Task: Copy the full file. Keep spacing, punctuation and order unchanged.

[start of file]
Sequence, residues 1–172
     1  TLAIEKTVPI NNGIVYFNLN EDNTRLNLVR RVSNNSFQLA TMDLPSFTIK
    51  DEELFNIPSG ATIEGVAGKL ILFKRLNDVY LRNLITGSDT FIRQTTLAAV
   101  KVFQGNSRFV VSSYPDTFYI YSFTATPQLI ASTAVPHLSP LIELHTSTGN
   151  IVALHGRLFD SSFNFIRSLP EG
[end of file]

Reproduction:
Sequence, residues 1–172
     1  TLAIEKTVPI NNGIVYFNLN EDNTRLNLVR RVSNNSFQLA TMDLPSFTIK
    51  DEELFNIPSG ATIEGVAGKL ILFKRLNDVY LRNLITGSDT FIRQTTLAAV
   101  KVFQGNSRFV VSSYPDTFYI YSFTATPQLI ASTAVPHLSP LIELHTSTGN
   151  IVALHGRLFD SSFNFIRSLP EG